Nigeria drops charges against Dick Cheney after Halliburton reportedly pays $250 million; James Giffen is sad, though not bitter; an Iraqi Oil for Food prosecution … in Scotland; International Anti-Corruption Day is “marred”; and another voice joins “the FCPA simply means what the enforcement agencies say it means” chorus … it’s all here in the Friday Roundup.
Charges Against Cheney in Nigeria Dropped
On December 7th, Nigerian authorities apparently filed criminal charges against Dick Cheney, and others, in connection with the Bonny Island bribery scheme. As discussed in this prior post, Cheney was CEO of Halliburton from 1995 until 2000. In February 2009, Halliburton, Kellogg Brown & Root LLC, and KBR Inc. agreed to pay $579 million in combined DOJ/SEC FCPA enforcement action to resolve charges related to Bonny Island. According to the DOJ, the improper conduct took place between 1994 and 2004. The case remains the largest ever FCPA enforcement action against a U.S. company.
Farida Mzamber Waziri, the executive chairwomen of Nigeria’s Economic and Financial Crimes Commission stated, “Dick Cheney was head of Halliburton” “There’s no way such amount of money would’ve been moved to bribe Nigeria without his approval and without his knowledge, this is what we’re saying.” (See here for a video).
In a swift conclusion to the matter, it is been reported (see here among other places) that Nigeria has dropped charges against Cheney after his former employer, Halliburton, agreed to pay a $250 million fine. According to the report, the sum consists of $120 million in penalties and the repatriation of $130 million.
According to this report in the U.K. Telegraph, former U.S. President George H.W. Bush and former Secretary of State James Baker helped in the negotiations.
A Halliburton spokesman is quoted as saying “we have no comment to make on this.”
Sad, But Not Bitter
Giffen is sad, though not bitter about what he terms the DOJ’s “selective” prosecution of him and he asks “in whose interest was the investigation in the first place.” Given Giffen’s “public authority” defense, much of the case focused on classified documents. Not even Giffen’s lawyer, William Schwartz (here) had access to many of the documents – one person did and that was Judge William Pauley (S.D.N.Y.) “who made his feelings known.” (see here).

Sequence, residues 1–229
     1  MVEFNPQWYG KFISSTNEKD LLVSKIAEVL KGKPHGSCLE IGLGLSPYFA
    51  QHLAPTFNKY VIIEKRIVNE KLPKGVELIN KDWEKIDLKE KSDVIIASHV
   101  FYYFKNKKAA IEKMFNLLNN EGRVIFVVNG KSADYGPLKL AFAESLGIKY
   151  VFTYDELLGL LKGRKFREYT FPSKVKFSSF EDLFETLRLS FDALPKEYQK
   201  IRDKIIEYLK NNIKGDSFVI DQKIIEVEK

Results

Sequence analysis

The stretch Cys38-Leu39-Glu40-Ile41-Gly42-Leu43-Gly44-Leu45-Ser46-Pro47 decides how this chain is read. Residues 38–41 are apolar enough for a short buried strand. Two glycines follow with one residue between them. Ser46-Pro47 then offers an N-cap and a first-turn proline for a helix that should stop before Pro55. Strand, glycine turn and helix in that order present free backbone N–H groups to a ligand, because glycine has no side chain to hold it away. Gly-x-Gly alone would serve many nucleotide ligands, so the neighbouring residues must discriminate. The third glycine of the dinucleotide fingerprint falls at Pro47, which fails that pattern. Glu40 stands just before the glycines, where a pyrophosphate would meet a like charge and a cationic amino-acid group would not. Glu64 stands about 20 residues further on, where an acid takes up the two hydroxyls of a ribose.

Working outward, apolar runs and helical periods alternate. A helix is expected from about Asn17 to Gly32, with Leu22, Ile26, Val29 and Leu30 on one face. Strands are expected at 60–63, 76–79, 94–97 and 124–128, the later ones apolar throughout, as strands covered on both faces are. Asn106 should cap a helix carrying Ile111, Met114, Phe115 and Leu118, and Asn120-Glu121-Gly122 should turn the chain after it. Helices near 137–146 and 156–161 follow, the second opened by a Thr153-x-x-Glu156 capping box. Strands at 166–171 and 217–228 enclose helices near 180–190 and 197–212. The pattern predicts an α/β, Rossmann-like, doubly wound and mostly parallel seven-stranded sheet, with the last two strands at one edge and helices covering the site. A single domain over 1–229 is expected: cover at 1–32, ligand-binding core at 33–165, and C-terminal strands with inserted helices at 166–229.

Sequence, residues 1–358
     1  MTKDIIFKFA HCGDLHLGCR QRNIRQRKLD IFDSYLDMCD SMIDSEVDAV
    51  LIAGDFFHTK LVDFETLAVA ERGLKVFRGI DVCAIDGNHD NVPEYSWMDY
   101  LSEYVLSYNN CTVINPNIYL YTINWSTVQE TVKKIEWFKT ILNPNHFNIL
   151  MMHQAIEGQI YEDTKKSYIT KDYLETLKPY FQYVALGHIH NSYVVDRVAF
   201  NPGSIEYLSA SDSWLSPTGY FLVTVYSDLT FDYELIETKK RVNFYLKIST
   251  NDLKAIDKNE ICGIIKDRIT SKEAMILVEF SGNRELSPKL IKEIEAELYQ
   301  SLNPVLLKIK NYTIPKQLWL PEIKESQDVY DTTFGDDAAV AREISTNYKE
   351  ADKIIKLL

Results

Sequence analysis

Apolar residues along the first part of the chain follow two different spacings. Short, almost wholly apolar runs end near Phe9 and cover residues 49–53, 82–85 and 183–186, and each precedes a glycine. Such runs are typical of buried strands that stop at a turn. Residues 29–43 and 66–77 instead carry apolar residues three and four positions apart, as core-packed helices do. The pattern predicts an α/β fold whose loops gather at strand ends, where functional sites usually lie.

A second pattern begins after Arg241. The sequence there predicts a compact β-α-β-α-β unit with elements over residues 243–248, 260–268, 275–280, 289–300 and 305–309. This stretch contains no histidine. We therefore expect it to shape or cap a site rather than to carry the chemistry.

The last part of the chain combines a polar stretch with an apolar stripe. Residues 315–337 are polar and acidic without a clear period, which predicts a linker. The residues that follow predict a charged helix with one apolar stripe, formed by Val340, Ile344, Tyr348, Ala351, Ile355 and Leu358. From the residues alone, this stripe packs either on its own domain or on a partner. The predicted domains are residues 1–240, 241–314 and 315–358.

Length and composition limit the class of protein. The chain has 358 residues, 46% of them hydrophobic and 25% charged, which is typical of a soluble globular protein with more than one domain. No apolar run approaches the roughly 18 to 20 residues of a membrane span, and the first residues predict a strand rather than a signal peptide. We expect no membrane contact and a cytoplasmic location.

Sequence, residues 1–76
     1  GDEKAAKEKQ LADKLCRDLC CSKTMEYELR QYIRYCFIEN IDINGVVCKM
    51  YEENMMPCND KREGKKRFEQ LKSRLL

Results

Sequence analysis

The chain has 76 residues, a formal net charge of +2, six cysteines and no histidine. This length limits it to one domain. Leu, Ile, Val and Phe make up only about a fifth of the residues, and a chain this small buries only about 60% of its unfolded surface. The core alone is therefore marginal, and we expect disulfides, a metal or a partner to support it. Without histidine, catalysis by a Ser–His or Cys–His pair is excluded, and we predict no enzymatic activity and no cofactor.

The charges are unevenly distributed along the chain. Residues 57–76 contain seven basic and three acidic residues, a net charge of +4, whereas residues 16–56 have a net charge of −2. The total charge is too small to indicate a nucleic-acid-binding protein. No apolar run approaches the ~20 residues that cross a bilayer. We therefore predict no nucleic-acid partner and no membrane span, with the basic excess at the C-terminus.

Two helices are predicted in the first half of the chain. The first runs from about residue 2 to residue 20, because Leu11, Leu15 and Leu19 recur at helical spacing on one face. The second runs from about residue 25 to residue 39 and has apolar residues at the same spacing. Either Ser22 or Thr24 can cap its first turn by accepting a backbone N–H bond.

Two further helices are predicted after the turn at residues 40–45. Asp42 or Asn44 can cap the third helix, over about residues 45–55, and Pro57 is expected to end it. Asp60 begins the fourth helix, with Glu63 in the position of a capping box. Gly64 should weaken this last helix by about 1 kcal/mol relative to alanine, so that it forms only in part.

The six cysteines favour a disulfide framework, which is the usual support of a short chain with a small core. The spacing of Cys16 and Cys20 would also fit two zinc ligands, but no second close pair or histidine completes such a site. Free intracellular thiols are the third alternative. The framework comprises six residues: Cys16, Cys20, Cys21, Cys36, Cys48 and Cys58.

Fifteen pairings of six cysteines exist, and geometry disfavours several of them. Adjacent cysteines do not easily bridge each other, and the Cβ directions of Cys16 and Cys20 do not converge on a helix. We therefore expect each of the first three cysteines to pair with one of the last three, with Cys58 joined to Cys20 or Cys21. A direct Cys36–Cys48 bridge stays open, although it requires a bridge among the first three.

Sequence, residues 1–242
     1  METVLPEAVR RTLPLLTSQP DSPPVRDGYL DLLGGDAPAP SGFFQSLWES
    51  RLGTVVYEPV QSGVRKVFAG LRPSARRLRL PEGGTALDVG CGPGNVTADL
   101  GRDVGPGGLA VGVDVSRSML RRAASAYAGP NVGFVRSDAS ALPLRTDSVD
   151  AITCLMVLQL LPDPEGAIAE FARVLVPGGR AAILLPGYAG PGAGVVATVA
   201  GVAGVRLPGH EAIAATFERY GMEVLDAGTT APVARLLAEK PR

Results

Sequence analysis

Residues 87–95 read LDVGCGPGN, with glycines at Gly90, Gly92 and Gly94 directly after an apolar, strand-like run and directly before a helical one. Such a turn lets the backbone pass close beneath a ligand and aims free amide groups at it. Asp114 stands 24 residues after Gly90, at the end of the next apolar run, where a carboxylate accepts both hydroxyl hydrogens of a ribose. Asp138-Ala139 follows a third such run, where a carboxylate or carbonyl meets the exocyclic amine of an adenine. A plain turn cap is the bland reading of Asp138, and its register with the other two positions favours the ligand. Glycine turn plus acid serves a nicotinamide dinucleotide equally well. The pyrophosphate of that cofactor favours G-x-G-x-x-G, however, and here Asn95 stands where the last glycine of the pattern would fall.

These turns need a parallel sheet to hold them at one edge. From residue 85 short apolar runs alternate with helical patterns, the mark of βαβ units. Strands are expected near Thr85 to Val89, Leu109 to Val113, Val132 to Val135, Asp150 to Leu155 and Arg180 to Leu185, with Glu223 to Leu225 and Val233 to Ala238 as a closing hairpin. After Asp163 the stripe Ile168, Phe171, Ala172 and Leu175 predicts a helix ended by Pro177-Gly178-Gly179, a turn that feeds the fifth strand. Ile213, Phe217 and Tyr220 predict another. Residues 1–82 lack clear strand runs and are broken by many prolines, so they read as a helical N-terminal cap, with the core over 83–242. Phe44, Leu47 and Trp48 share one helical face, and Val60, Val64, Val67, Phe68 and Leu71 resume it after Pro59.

Glasgow, Scotland based engineering firm Wehr Group plc (here) recently pleaded guilty to two charges of breaching UN sanctions in connection with a number of UN sanctioned Iraqi Oil for Food contracts awarded between 2000 and 2002. As noted in the company’s release (here), “following the guilty plea, Weir has been subject to a confiscation order in the sum of £13,945,962. In addition it has been fined £3 million.” For more see here.
International Anti-Corruption Day “Marred”
Raymond Baker (here), the Director of Global Financial Integrity, says here that “this year’s International Anti-Corruption Day [was] marred by a U.S. Chamber of Commerce attempt to weaken the Foreign Corrupt Practices Act.” In November, the Chamber released a paper (here) authored by Andrew Weissman and Alixandra Smith titled “Restoring Balance – Proposed Amendments to the Foreign Corrupt Practices Act.”
According to Baker, “the short answer” to various issues raised by the current era of FCPA enforcement is simple: “don’t bribe anyone, whether she/he is a public official, a private citizen, or someone in between.”
Gee, thanks for that guidance, problem solved!
The FCPA’s Big Lesson
Richard Cassin, creator of the FCPA Blog and a pioneer of the FCPA’s blogosphere, hit the ball out of the park with this recent column for Ethisphere.
Among other things, Cassin writes as follows: “I know there’s practically no FCPA-related case law, no precedent to follow, no stare decisis to light the way. So the FCPA is pretty much what the enforcement agencies say it is. And that’s what’s so very different and difficult about it. It’s what I call the FCPA’s Big Lesson.”
A good weekend to all.